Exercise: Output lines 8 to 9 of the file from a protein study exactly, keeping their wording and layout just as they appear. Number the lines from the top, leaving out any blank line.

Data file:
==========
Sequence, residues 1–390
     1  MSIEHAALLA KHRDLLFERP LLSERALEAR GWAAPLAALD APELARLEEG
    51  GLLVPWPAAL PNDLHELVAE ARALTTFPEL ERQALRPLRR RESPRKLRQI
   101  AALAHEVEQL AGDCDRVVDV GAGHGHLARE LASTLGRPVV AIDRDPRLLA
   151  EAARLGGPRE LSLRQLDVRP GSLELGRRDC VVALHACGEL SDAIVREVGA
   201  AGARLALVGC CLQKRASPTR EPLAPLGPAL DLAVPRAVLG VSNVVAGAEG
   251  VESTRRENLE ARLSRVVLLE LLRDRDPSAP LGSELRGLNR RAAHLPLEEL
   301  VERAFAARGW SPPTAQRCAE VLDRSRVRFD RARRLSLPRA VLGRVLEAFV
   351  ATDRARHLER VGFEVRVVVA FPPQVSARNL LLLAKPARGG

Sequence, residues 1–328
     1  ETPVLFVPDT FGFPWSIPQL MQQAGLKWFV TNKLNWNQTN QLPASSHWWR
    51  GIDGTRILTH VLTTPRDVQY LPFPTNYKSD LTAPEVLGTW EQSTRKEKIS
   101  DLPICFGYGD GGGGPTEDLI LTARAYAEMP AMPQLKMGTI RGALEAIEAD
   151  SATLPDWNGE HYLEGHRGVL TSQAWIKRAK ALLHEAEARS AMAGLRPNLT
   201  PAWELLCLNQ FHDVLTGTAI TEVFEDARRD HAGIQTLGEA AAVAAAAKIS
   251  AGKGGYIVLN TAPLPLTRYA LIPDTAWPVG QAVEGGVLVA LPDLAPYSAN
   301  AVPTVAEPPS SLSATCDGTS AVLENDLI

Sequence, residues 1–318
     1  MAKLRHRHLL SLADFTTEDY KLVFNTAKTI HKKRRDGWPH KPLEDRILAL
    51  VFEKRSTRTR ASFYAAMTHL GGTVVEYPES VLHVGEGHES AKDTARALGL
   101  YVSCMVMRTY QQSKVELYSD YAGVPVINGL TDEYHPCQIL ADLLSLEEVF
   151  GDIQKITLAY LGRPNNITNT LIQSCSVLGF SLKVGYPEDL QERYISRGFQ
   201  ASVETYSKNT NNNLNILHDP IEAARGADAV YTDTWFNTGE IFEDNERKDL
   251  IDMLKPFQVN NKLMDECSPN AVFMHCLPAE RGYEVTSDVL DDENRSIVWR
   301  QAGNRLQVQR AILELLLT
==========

   301  VERAFAARGW SPPTAQRCAE VLDRSRVRFD RARRLSLPRA VLGRVLEAFV
   351  ATDRARHLER VGFEVRVVVA FPPQVSARNL LLLAKPARGG